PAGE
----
SUNNY RASCHKE | Devastation 2 $250 Mixed Media on Canvas, 12”x12” Art is a discipline, but it is first and foremost a spiritual discipline. The work of art is a revelation of spiritual truth, but it is also a personal struggle to achieve that truth. As an artist and a “creative”, I struggle with my obsessions, illusions, and addictions. So do most other people like myself. Most people think of addiction as being hooked on certain substances. But as I have discovered, in exploring 12-Step programs, that is also about character defects which impair judgment. In this genre called “recovery art”, which now occupies much of my professional work, I try to bring viewers, as well as other artists, into a state of awareness about the very difficult struggle to achieve meaning and purpose in life. But - even more importantly - it is to recognize that the struggle is not about finding fault with others or the world around us, but understand and embrace both our limitations and our God-given talents. In other words, it’s about honesty, with ourselves and with our art. My discovery that this was the primary mission of my art came in often painful stages. I realized slowly that there was a Higher Power – call it God, the force, or whatever - that was guiding and shaping my life, showing me how to play masterfully the hand I had and put the pieces of the puzzle that was me together. When you play the game of life, you don’t always get dealt a great hand. But you’re making progress. You’re on a journey. Perfection is not the goal, only the realization that you’re traveling the right road. “Progress, not perfection” is my motto.
TARA MCCONNELL | Structure $550 Watercolor, 17”x35” In the world that surrounds human beings, structures of various forms and purposes exist that often establish a regimen for how we choose to (and are or are not permitted to) move through our world. Alongside my increasing interest in the notion of play within my work, I am curious about how playful activity can serve to question the establishment of structures, their purposes, and the regulations and guidelines that the presence of these structures enforces; both implied and direct. To me, a tire swing on a light post under a large open sky is a reminder that amidst the urban environment with its ubiquitous regulations, we are still part of a natural, freeing big-ness that can be found by questioning the structures around us and by seeking the opportunity to creatively play among them.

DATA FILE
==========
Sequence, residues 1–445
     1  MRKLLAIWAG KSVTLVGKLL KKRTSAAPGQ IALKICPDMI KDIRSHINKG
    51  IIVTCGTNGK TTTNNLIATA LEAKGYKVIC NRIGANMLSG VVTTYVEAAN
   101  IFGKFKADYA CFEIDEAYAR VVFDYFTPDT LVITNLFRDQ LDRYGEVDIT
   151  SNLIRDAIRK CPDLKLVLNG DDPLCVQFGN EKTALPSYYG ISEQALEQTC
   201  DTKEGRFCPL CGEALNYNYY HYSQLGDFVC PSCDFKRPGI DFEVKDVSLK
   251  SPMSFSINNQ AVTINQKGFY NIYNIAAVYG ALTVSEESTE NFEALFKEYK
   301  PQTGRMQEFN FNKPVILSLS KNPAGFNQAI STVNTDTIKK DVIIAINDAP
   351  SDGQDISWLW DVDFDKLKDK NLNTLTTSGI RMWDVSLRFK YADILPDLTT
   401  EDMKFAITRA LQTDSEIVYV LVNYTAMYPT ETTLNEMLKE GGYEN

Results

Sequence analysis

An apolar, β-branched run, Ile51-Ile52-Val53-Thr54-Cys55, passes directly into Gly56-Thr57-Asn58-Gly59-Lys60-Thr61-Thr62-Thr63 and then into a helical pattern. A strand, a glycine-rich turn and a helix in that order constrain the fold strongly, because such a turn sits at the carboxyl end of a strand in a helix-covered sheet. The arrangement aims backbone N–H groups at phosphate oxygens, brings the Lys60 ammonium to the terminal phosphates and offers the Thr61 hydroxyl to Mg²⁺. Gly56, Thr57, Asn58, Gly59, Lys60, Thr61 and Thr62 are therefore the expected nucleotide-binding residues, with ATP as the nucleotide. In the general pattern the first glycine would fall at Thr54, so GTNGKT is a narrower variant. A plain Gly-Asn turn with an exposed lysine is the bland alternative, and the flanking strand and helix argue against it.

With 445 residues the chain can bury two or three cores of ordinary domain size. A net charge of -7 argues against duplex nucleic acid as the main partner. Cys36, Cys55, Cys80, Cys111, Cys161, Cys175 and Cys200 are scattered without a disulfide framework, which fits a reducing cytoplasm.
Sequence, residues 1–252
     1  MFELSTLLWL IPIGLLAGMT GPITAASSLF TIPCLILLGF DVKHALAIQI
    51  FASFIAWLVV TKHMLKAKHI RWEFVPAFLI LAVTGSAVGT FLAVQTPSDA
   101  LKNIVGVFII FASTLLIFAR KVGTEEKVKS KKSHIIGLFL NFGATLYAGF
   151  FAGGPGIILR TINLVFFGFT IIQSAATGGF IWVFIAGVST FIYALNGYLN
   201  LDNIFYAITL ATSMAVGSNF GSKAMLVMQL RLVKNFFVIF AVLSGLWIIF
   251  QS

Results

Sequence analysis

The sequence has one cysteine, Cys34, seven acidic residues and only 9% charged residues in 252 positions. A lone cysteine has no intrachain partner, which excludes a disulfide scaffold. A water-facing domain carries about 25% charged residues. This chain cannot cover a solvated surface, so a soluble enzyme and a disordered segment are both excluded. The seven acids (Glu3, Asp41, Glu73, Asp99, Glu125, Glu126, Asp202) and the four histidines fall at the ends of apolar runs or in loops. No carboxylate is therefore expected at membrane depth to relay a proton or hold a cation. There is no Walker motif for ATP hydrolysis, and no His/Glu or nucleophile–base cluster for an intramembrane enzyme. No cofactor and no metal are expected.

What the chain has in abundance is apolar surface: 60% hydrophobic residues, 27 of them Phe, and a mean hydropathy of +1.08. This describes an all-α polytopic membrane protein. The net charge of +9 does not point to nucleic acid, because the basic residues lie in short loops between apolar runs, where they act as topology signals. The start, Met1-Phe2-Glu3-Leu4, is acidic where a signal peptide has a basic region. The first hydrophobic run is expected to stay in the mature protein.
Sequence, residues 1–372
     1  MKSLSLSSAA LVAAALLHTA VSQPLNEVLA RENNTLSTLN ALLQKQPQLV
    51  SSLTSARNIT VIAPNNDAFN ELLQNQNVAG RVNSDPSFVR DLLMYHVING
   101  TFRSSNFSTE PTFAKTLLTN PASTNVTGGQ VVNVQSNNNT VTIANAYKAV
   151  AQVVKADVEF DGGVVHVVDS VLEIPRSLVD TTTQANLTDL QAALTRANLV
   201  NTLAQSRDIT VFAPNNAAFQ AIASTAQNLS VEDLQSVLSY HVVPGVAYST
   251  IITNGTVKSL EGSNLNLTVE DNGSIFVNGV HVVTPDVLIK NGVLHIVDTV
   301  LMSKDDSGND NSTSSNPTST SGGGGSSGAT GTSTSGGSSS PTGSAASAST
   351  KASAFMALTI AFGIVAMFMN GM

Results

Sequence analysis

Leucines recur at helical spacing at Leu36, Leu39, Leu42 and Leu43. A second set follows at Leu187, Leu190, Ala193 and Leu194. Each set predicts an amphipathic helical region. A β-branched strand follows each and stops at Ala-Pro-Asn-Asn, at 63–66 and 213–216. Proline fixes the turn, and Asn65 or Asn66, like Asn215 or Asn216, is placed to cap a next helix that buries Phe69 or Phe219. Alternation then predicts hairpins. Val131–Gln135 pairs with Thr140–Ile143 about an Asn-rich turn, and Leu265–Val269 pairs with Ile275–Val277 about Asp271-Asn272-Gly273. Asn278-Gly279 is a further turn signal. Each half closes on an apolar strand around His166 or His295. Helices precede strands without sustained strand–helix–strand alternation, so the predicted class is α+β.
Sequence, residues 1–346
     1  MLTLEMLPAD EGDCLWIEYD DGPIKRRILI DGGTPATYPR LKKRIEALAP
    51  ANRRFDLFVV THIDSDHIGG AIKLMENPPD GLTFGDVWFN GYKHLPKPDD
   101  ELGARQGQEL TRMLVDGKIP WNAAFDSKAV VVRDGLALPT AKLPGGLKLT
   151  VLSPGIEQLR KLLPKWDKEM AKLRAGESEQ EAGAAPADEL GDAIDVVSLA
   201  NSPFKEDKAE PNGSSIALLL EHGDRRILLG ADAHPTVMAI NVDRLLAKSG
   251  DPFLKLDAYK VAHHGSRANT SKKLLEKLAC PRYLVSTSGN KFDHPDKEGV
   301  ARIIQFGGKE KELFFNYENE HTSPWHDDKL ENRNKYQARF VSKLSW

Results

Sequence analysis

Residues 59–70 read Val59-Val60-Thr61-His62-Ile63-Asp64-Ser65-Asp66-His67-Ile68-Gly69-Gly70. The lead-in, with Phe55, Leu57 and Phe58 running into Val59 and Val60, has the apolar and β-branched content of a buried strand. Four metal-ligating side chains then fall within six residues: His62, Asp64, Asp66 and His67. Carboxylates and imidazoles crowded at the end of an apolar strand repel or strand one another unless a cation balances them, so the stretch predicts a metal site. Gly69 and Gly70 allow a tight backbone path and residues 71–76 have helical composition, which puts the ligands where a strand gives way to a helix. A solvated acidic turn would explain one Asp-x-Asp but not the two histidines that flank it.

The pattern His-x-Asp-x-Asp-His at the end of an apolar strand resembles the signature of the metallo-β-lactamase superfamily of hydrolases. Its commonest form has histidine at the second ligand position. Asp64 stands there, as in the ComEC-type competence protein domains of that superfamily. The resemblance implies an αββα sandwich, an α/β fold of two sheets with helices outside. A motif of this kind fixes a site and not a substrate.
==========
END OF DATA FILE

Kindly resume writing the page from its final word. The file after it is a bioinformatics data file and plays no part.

ISAAC KARNER | Logos $800 Assemblage with gold leaf, oils, and LED, 12”Hx7”Wx5”D The second king of Israel, David, wrote, “I have hidden your word in my heart, that I might not sin against you.” I believe that within every person there is a secret yearning for Truth. Absolute Truth. We all want something that will guide us through the ups and downs of life–answering the question: “How then, shall we live?” How do we find peace and joy? How do we handle tragedy? How do we improve our world? These questions are indicative of a desire so deep and strong that it calls to our consciences and informs our ideals. However, this yearning for Truth is often so hidden, so secret, that one is often unconscious of its existence. In the Judeo-Christian context, this Truth exists outside of Self, but is wholly accessible and immeasurably valuable. The ancient Greek philosopher, Heraclitus, first used the term “Logos”–most often translated to “word”–to designate the divine reason or plan which coordinates a changing universe. Logos is a representation of the common yearning within our hearts, and the words of Truth that I keep in mine.